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Arrowsmith v. Commissioner

Citation. Arrowsmith v. Commissioner, 344 U.S. 6, 73 S. Ct. 71, 97 L. Ed. 6, 52-2 U.S. Tax Cas. (CCH) P9527, 42 A.F.T.R. (P-H) 649, 1952-2 C.B. 136, 1952 P.H. P72,008 (U.S. Nov. 10, 1952)
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Brief Fact Summary.

Petitioners were equal owners of a corporation and liquidated the assets and divided the proceeds. A judgment levied against the corporation was paid by Petitioners who sought to claim the loss as an ordinary business loss instead of a capital loss.

Synopsis of Rule of Law.

Each taxable year is a separate unit for tax accounting purposes.


Two taxpayers, Petitioners, liquidated and divided the proceeds of a corporation that they owned equally. For 1937 through 1940, Petitioners reported the profits from the distributions as capital gains, thus paying less taxes than if they were reported as ordinary business transactions. In 1944, a judgment against the corporation was rendered and Petitioners paid the judgment. Each took a 100% tax deduction of the amount paid classifying it as a business loss. The Commissioner considered the payment of the judgment as part of the original liquidation and required Petitioners to treat this as a capital loss just as they had treating the proceeds as capital gain. The Tax Court disagreed and classified it as an ordinary business loss. The Court of Appeals reversed the Tax Court.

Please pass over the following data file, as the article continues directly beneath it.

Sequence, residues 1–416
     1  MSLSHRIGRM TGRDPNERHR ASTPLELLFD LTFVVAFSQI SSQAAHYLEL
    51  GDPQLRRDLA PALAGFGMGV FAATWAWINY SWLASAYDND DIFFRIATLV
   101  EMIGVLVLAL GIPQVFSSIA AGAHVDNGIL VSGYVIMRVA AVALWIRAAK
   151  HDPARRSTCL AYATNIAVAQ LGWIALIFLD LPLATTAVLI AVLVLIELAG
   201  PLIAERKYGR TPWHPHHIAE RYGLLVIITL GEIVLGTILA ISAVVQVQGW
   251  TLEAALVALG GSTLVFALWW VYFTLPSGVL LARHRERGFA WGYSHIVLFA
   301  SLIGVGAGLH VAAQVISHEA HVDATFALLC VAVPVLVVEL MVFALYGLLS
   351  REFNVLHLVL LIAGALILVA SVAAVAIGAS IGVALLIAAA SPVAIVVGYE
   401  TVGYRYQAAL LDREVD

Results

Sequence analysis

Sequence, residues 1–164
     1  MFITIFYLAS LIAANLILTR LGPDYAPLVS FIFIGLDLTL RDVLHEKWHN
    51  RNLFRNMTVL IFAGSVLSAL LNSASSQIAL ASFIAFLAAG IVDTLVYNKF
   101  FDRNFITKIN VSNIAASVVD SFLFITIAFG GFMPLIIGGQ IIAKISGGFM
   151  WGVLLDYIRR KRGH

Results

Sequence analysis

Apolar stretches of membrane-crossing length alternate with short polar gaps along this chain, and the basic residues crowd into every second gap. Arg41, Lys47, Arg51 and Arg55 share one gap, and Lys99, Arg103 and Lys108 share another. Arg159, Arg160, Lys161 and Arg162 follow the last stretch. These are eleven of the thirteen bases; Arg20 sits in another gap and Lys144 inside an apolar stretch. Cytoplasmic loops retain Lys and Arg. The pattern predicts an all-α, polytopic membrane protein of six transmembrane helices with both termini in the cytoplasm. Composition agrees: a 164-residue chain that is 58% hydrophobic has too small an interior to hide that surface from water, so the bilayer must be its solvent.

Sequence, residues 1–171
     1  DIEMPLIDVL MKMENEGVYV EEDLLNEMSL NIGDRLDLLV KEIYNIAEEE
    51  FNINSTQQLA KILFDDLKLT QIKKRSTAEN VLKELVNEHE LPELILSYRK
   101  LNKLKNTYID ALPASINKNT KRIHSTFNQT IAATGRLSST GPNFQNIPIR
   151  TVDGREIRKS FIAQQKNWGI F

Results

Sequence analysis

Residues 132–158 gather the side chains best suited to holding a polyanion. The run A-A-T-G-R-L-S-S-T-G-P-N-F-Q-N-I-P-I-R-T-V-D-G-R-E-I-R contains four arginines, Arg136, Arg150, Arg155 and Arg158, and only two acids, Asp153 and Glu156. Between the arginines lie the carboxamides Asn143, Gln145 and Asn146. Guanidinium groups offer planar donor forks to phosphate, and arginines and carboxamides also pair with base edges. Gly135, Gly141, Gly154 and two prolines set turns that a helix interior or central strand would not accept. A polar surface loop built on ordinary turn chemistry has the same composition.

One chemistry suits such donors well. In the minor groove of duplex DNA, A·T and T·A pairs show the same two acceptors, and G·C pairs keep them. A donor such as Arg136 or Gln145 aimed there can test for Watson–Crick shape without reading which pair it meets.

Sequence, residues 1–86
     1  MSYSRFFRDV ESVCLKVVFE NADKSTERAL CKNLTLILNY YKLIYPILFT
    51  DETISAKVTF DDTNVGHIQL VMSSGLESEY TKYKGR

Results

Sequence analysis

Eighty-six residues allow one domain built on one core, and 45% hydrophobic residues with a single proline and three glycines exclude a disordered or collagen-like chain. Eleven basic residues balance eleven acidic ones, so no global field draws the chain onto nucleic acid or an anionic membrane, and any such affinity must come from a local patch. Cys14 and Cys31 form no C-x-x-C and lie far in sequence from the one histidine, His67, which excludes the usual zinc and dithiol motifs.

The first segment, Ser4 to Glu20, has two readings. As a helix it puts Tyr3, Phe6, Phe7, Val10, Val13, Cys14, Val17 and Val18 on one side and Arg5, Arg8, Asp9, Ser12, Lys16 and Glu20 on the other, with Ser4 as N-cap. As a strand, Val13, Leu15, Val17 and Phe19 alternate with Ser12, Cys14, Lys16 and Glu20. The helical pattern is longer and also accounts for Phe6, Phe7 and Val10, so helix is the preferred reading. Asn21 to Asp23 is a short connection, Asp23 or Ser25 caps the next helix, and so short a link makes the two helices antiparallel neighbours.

Was it in error to consider the loss as a capital loss?


Justice Black issued the opinion for the Supreme Court of the United States in holding that the loss was properly classified as a capital loss.


Justice Douglas issued a dissenting opinion arguing that there were no capital transactions during the year the losses were suffered. The capital transactions occurred in earlier years and finding otherwise violates the principle that each year is a separate taxing unit.
Justice Jackson issued a dissenting opinion joined by Justice Frankfurter arguing that greater deference should have been given to the Tax Court because of their expertise in rulings as they relate to tax law as a whole.


The Supreme Court noted that the liability was not based on any ordinary business transaction. Further, considering previous relevant transactions does not breach the separate taxing unit principle because they are not reopening or adjusting the previous returns.

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